The University of Groningen, in collaboration with German partners from Jade University of Applied Sciences and the University of Vechta, is launching a project on the impact of COVID-19 on the daily lives of people living in the German-Dutch border region. Virtual meetings will be organized, during which residents will have the opportunity to exchange their opinions. They will discuss both the impact of the pandemic as well as lessons to be learned. The goal is to come up with recommendations to improve crisis management and to communicate these to stakeholders from politics, the business community and society.
The coronavirus pandemic has fundamentally changed our lives, and has had a drastic impact on our social and professional lives and the economy. In particular, people living in border regions face major challenges. Travel restrictions, quarantine regulations and, in some cases, very different rules for checks make cross-border exchanges and regional cooperation particularly difficult. On the other hand, there is also an opportunity to learn from successful initiatives and measures taken by other residents in the border region and thus to better manage the crisis.
To shed light on the impact on everyday life, Jade University of Applied Sciences and the Universities of Groningen and Vechta are organizing virtual round-table discussions for residents in the Ems-Dollard region. These sessions cover various topics, such as education and training, employment, social life and the way in which healthcare providers and small to medium-sized enterprises in the region are dealing with COVID-19.
Project leader Prof. Michael Klafft from Jade University of Applied Sciences explains the importance of the project: “The aim of our project is to work with citizens to help improve the way in which the crisis is handled in the border region and therefore also to be prepared for future pandemics.” Saskia Visser from the University of Groningen, expert in the field of citizen participation, adds: “We are also interested in finding out whether there are any cultural differences when it comes to crisis management in addition to the different administrative measures.”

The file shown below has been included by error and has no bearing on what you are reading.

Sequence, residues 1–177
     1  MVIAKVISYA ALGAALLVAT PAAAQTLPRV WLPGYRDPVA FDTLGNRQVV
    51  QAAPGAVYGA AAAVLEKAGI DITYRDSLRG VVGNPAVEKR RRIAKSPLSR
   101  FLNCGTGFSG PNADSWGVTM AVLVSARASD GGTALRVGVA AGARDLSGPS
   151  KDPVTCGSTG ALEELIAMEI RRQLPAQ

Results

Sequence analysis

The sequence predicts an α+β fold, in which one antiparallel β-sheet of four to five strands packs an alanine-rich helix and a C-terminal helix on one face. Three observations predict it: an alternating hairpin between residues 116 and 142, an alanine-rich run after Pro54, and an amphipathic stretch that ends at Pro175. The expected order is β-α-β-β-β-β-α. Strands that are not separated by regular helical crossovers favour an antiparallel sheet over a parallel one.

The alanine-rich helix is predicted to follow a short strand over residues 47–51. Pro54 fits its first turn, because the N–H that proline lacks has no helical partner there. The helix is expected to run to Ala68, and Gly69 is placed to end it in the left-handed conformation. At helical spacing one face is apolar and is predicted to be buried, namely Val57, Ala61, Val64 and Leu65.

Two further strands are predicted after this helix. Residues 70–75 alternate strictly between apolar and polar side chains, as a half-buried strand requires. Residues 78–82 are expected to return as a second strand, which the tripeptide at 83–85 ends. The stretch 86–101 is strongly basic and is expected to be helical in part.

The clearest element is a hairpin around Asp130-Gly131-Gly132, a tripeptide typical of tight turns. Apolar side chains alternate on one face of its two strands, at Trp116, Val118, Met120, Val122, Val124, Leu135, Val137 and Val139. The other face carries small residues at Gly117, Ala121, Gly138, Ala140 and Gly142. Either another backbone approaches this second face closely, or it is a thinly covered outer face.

“The results of these sessions will be summarized and discussed with decision-makers from politics and the business community in the form of a Science Café,” says Dr Daniel Ludwig, head of the Science Shop at the University of Vechta. Barbara Grabkowsky, head of the coordination centre for transformation of regions with intensive agriculture, adds: “Societal challenges such as the coronavirus pandemic do not stop at borders. So, these meetings are an important contribution towards living and working in the cross-border region in the future.”
Do you live in the Ems-Dollard region and are you interested in taking part in the virtual citizens’ round-table discussions? Please contact I.H.A.Roling@student.rug.nl.
In particular, participants are still being sought for the following sessions:• Education (20 April, 4 pm)• Social life (4 May, 4 pm)• Health risks and healthcare (11 May, 4 pm)• The local economy (18 May 2021, 4 pm)• Work (25 May, 4 pm)
The Virtual citizens’ round-table discussions on COVID-19 project is co-financed by the INTERREG VA Programme Germany-Netherlands with funds from the European Regional Development Fund (ERDF), the provinces of Drenthe, Friesland and Groningen, and the state of Lower Saxony.
Saskia Visser, email@example.com
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